The Movie Date is a weekly feature where we discuss movies that may appeal to the YA audience. Andrew is The Reading Date’s resident movie critic and this week he discusses Breaking Dawn Part 2, directed by Bill Condon, based on the book by Stephenie Meyer. We recently watched the newly released DVD.
Disclaimer: As readers of the Movie Date may have noted, I don’t count myself a fan of the Twilight franchise. But I hasten to add that I have all the respect in the world for both the books and the films. I think it’s great to have a body of fantasy literature you can root for, and Stephenie Meyer’s series and the films it spawned has clearly resonated for millions of women and quite a few men. I witnessed the phenomenon firsthand at the very first Twilight Comic-Con panel way back in 2008—so much screaming you’d think the Beatles were playing the Hollywood Bowl. It’s been fun keeping tabs on the series from a distance. In that vein I’ll review the last picture in the series as an outsider, hoping you’ll find it amusing at least. Surely you’ve seen the film on home video already if you didn’t camp out for that midnight show, but I hope you enjoy my newbie take on it.
Please note: There are spoilers aplenty within – proceed with caution!
Before I get into the final film, here are my thoughts on the previous four (I haven’t read any of the books):
Twilight: Charming, perfect film, a superb blend of romance and fantasy, action and comedy that hits all the right notes.
New Moon: Tedious and wooden; poor filmmaking that often seems like a grade-school play. Kind of a mess.
Eclipse: A return to form; perhaps the toughest and most serious of the franchise with great action beats. Still not as good as the first, but getting there.
Breaking Dawn, Part 1: Given the marriage-wedding night-pregnancy-birth storyline, not sure how much better this could have been. Competent but not my cup of tea.
And so to Breaking Dawn, Part 2. This finds Bella newly vampirized (Edward had to turn her to save her after a rough childbirth) and a new mom as well, so she’s got plenty on her plate. Before she’s allowed to visit Renesmee, she’s a bit hungry/thirsty, so Edward takes her into the forest of Forks to feed. She delights in her heightened senses; she can see and hear the tiniest creatures and slightest movements. This Colors of the Wind journey is beautifully staged. Bella eyes a deer (shades of the first film’s opening) and then a rock-climber, but decides to nosh on a predatory mountain lion instead: the beast had it coming, after all.
Back home, a satiated Belle greets her new infant, whose gaze and expressions seem otherworldly… alright, because they were all heavily treated with computer graphics. I understand they wanted the baby to react intelligently to the adults, which infant actors can’t do, but for me the obvious CGI work on the infant Renesmee is one of this film’s few missteps.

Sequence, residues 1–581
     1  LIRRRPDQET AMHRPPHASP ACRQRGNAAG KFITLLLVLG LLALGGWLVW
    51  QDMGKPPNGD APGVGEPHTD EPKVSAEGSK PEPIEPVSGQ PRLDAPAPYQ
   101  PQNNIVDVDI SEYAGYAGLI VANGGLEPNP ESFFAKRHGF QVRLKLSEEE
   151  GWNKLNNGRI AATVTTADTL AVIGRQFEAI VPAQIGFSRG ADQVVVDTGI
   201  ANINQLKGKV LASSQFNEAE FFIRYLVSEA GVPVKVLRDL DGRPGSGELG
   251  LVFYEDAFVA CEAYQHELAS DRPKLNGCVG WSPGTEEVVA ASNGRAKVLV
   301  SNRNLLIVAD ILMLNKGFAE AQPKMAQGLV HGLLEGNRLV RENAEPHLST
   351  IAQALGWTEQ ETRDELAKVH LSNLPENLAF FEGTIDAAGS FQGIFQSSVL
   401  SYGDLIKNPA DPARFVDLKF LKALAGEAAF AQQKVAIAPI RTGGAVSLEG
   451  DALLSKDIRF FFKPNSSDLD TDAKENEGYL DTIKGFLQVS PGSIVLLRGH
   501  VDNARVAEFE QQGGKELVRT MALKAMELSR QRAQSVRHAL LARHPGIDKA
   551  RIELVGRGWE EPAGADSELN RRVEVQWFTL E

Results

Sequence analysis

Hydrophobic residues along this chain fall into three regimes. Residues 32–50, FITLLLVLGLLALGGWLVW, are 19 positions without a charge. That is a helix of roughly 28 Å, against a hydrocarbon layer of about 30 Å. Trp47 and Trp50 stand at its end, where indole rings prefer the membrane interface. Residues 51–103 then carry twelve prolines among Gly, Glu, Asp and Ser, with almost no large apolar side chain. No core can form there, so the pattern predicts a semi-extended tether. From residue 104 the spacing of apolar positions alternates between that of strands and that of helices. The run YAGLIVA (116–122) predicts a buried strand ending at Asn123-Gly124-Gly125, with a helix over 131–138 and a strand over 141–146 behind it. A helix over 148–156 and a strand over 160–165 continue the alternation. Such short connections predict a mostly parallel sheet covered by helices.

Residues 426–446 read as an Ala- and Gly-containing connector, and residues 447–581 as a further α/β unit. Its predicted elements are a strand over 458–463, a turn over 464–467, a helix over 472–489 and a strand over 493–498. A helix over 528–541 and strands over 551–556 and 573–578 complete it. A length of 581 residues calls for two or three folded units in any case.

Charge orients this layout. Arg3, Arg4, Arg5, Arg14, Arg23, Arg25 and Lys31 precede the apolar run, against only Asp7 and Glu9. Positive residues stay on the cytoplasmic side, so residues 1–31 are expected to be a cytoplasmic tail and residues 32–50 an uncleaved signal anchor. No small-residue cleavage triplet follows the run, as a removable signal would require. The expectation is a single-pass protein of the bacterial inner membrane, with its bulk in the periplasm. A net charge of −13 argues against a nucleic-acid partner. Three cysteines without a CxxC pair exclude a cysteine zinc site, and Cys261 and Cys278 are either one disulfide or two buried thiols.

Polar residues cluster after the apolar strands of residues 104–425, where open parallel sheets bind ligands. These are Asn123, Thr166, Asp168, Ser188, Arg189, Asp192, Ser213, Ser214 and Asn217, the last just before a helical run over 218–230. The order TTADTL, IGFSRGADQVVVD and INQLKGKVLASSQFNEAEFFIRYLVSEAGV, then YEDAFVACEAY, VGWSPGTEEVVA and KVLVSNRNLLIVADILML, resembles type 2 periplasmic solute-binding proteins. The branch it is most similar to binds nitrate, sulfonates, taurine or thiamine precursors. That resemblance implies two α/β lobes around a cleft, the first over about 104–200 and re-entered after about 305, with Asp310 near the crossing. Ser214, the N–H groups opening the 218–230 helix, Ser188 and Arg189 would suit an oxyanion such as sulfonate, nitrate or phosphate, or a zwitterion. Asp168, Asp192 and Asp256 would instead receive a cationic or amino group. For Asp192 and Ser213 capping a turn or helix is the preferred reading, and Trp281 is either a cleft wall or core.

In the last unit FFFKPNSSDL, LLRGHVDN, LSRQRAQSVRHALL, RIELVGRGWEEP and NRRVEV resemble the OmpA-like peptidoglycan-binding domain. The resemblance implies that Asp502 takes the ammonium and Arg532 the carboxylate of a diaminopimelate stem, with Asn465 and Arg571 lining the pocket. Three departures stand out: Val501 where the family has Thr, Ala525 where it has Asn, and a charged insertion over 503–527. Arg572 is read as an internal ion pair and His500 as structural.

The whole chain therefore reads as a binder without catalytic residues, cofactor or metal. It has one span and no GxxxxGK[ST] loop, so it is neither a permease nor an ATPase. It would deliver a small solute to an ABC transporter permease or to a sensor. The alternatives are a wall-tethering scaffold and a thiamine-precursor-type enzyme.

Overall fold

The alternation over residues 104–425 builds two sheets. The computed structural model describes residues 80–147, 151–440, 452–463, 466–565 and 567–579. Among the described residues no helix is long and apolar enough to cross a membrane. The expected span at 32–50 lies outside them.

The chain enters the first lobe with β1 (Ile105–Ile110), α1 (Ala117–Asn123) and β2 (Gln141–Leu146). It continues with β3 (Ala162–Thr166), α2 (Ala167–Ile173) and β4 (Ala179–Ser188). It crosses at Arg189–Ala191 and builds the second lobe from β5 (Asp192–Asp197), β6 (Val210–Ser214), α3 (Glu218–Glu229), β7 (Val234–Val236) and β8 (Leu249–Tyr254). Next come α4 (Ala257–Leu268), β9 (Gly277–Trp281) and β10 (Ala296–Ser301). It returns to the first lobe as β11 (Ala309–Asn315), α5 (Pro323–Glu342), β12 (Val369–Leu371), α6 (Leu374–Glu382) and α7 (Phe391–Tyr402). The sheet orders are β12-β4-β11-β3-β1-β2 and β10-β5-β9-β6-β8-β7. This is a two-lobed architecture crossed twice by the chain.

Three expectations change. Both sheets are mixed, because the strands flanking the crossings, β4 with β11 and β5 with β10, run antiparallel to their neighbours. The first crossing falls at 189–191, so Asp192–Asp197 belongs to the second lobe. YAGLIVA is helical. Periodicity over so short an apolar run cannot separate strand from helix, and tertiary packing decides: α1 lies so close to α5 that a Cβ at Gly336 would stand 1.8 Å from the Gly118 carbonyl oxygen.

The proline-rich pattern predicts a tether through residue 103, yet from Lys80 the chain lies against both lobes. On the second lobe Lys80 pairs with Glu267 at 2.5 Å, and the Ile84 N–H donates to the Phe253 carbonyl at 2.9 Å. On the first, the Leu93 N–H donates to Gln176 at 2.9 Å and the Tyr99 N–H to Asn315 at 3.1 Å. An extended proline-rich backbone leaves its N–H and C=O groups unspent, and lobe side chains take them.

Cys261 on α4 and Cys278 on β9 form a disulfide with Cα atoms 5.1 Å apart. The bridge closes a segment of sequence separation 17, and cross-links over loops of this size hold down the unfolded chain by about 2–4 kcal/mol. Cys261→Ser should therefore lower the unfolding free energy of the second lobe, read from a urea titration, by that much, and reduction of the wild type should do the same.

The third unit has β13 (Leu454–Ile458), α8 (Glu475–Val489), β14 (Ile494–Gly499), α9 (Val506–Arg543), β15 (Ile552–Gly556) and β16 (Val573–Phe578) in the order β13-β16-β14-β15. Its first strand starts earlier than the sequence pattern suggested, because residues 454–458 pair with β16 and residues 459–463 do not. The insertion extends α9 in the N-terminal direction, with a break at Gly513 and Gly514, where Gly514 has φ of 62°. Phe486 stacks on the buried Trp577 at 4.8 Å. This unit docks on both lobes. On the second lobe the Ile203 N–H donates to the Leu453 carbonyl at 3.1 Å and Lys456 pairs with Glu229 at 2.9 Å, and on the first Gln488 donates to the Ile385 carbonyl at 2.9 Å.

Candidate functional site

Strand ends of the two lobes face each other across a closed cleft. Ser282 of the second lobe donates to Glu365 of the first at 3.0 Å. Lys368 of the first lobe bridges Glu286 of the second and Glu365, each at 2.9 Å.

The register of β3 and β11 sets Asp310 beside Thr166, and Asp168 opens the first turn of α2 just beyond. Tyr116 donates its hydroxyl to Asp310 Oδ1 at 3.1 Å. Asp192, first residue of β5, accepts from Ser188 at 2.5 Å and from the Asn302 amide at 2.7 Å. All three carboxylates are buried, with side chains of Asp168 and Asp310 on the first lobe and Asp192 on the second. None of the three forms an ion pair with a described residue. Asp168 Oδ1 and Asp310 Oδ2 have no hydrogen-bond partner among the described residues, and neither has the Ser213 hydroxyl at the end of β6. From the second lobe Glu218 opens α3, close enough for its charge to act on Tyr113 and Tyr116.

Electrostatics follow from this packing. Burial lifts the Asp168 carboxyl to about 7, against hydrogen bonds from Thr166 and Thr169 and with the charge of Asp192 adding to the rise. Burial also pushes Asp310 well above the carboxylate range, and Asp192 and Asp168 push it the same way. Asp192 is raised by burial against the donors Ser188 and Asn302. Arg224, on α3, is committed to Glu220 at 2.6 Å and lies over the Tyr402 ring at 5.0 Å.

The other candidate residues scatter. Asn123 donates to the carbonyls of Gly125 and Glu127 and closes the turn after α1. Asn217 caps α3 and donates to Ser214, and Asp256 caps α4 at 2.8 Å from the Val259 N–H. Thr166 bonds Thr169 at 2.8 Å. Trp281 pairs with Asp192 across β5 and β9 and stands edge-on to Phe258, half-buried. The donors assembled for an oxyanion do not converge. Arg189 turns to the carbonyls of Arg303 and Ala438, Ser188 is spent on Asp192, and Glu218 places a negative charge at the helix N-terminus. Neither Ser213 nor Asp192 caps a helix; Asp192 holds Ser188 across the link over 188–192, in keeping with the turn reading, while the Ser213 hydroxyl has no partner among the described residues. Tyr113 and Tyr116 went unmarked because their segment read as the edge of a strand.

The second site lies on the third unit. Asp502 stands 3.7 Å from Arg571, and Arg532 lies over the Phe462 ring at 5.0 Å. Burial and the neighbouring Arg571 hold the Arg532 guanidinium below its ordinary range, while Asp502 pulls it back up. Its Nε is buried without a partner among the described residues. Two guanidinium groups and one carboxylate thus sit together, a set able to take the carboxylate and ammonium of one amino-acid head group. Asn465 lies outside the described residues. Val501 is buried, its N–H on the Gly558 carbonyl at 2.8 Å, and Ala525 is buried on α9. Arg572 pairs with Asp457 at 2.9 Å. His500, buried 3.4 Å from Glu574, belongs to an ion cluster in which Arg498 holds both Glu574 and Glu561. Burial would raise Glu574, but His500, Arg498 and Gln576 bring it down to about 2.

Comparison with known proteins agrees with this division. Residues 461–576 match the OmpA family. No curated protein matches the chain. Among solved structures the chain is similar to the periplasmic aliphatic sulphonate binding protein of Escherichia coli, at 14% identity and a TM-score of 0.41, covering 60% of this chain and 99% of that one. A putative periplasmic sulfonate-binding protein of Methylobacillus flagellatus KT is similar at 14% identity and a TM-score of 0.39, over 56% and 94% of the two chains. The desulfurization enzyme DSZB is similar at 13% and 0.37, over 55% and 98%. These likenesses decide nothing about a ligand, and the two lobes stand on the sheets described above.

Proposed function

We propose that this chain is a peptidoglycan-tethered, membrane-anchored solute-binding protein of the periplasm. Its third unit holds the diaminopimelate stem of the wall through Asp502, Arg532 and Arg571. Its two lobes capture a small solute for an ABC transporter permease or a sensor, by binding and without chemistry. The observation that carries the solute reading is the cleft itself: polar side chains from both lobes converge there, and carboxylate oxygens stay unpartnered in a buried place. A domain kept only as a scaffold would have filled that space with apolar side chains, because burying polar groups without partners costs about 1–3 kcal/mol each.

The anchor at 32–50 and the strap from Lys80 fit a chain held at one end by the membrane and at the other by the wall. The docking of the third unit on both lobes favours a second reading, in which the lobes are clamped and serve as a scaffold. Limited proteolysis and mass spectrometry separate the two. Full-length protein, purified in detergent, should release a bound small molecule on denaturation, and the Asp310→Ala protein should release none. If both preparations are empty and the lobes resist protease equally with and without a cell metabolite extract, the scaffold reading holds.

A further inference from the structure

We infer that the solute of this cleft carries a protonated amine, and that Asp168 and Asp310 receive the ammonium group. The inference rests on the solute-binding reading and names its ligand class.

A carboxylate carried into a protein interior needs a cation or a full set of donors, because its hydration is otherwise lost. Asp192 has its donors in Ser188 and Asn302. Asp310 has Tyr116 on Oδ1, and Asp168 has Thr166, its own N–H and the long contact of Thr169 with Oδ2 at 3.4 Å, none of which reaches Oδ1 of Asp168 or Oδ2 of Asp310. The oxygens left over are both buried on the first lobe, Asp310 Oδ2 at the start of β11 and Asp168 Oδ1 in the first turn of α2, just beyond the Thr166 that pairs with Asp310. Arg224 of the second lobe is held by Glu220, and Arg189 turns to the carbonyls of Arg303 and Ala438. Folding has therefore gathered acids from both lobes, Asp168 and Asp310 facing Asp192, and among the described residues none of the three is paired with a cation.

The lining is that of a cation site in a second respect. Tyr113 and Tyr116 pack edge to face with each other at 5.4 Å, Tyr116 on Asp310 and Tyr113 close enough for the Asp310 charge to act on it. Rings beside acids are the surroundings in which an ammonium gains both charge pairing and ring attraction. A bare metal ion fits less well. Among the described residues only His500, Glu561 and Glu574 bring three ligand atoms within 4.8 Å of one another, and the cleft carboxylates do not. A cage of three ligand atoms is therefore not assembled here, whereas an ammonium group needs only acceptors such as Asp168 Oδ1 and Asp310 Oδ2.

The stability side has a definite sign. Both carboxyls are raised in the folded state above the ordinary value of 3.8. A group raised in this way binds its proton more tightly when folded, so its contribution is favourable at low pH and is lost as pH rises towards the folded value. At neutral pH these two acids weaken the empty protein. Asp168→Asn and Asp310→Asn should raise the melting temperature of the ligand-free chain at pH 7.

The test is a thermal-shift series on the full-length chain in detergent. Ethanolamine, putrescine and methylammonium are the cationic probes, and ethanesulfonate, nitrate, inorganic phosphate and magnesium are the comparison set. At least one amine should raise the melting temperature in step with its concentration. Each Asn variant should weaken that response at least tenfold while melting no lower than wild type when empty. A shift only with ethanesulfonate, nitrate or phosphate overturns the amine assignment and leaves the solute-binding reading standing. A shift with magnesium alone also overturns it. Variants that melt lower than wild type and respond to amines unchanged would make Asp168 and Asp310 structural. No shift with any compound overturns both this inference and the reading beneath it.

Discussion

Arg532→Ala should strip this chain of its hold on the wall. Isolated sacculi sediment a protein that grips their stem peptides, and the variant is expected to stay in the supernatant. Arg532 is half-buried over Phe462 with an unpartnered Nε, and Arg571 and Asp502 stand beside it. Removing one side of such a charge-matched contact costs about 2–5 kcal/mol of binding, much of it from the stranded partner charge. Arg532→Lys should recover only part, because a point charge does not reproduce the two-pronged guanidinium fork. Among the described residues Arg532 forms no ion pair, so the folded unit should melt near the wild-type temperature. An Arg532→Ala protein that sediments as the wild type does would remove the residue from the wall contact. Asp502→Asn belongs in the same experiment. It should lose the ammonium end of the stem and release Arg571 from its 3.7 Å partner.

Soon Alice or one of the Cullens gets word that the Volturi are coming to town, and boy are they pissed! A Denali friend saw
Ed Jake and Bell with the baby and somehow assumed it was an Immortal Child, a human baby turned into a vampire. Such little monsters destroy villages and are forbidden, and so the evil ones are coming to town to destroy little Ren’. The Cullens ain’t havin’ this, so they summon all their far-flung relations, a charming crew of international vamps of varying powers, ethnicities, and sexual preferences.
Hey, what about wolf-boy Jacob? (Does he even have a Team anymore?) You may remember that he imprinted on Renesmee as an infant, and she and Jake now share a strong psychic link. He’s to be her guardian as the battle erupts. Renesmee has grown quickly into a self-assertive youngster (played brilliantly by tween actress Mackenzie Foy) reluctant to leave her parents’ side.
So the Volturi roll into town; they meet the Cullens et al on a battle plain (so civilized!), a snow-covered meadow, and proceed to basically talk for a long time. Which ain’t a bad thing; this film finally delivers a sufficient dose of Michael Sheen‘s splendid performance as Aro, the king o’ the Volts, which I didn’t mind one bit. Through a transmitted vision he decides Renesmee is alright but then decides to do away with her anyhow, because what the hey.
At this point the film diverges somewhat from the book. Apparently Ms. Meyer declined to cap off her book series with a climactic battle, but one is desperately needed for dramatic reasons. The filmmakers brilliantly figure a way to have it both ways, delivering a brutal battle with many beheadings and some shocking deaths that in no way violates the author’s original intentions. Things wrap up with the happy couple(s) looking towards a nice eternity together, and the baddies vanquished for good… or at least for now.
So basically the film is in three parts: new vampire mom, international vamp clan, epic confrontation. All of these were engaging and this lively and clever film really held my intention. It almost made me like Edward and Bella as much as I did after the first film, which is really saying something. I’m glad this popular and important series was able to go out on such a high note. Though I will miss the ear-splitting Comic-Con panels…
What did you think of the final Twilight film?